I was at SXSW in Austin this last week -- and like anyone who’s ever attended this festival of tech glitterati, one can’t help feel a rejuvenation of hope for a better future. The sheer invention and ingenuity on display literally at every turn is truly something to behold.
Take Daniel Burwen of Cognito Comics. Colleagues of mine from Pathbrite and I were sitting at a table in the lobby of the Austin Convention Center on Thursday, when Burwen wandered up to tell us about the graphic novel he’d created for the iPad. When we expressed some interest, he showed us what he’d created. I was blown away -- I’ve never seen anything quite like this.
Burwen’s come up with a brilliant way to partially animate static comic book art, augmenting it with real-world archival artifacts such as video of old newsreels. His particular creation is the story of how the CIA toppled the monarchy of Iran in the middle of the last century, which led to the theocracy that’s in power today. (As it turns out, the same process he spent four years developing to create his novel is available for any business or creative endeavor to use, by contracting with Burwen.)
Or how about the clever campaign by PR firm Waggener Edstrom and ad agency tenfour called Tweet-a-Beer, in which any individual can buy a beer for anyone with a Twitter handle for $5. By connecting your Twitter and PayPal accounts, you can virtually buy an actual beer for anyone whose attention you may wish to secure. (Apparently, news reporters attending and covering SXSW have been the luckiest targets for beer-tweeters -- though not this columnist, sadly.)
Square was working the streets at the Foodspotting Street Food Fest, which featured a variety of Austin’s best culinary food trucks. (By using your debit or credit card via a Square reader to pay -- most of which were attached to either an iPhone and/or an iPad -- you could get 50% off the purchase of your food. I got an amazing cupcake.) One of the major themes of the conference was the idea that mobile payments are about to explode, and Square clearly intends to be a major beneficiary of the trend.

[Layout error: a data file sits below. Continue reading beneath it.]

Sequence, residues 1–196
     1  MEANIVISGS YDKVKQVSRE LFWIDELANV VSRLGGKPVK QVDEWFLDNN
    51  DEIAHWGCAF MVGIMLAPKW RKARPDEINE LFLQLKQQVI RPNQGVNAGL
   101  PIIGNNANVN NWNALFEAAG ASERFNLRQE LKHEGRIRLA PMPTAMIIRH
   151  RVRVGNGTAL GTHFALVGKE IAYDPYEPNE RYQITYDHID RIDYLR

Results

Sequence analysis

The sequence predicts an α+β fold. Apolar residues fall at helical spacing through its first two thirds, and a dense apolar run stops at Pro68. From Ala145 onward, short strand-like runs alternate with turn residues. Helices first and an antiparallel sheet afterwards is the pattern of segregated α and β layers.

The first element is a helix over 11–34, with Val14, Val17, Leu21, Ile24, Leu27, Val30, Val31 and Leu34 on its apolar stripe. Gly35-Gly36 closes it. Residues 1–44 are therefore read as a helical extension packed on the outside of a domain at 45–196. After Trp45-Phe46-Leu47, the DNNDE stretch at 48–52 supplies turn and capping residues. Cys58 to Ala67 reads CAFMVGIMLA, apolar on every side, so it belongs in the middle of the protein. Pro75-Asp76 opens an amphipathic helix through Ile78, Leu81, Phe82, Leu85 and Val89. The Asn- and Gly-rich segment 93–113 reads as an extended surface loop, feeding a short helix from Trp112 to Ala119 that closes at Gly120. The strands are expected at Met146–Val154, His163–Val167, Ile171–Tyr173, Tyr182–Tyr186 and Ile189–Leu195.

There was also a veritable who’s who of superstars, tech and otherwise. For instance, I attended a standing room-only interview of Vic Gundotra, who is the guy at Google responsible for Google+, by Guy Kawasaki of Alltop. Though not much new ground was plowed, Gundotra did talk at some length about Google's goal to make ads out of content, and his goal to ensure such ads are always relevant. Which means Google needs to know enough about you to serve you these new kinds of ads accurately and appropriately. Google+ is making this increasingly possible.
Kawasaki expressed concern that Google would start inserting these new ads in places where they might not be welcome. Gundotra said Google's approach is to present an ad at the moment of commercial intent. Google can now better discern when we're at such a moment (versus, say, when we may be sharing pictures of a family member's newborn baby) and can therefore (theoretically, anyway) serve us ads only when they would be most welcome in the user interface.
Another example of star power: the team from Bravo’s “Top Chef” also held a sold-out session featuring host Tom Colicchio, programming executive Andy Cohen, producer Dave Serwatka, and marketing execs Aimee Vile and Lisa Hsia. They talked about how they used a “trans-media” approach to launch an online adjunct to “Top Chef” called “Last Chance Kitchen”, in which show cast-offs get a second chance at winning.
Using online broadcasts, Twitter, Facebook and blogging, this cross-functional team was able to better engage an enthusiastic audience and increase viewership of the flagship show. In their words, they took a once-per-week broadcast and turned it into a seven-day-a-week phenomenon using a content marketing approach online. Their key takeaway: Break down the silos that prevent a true integration of programming, online and offline channels, and social media, to get a better and broader audience engagement.
SXSWi is truly a showcase of everything that’s possible when creativity, ingenuity and hard work are combined with sheer talent. As Joi Ito, Director of MIT's Media Lab, put it: “We strive for three things when we undertake a project: uniqueness, massive scale, and magic.” By the looks of things, Media Lab's not the only one.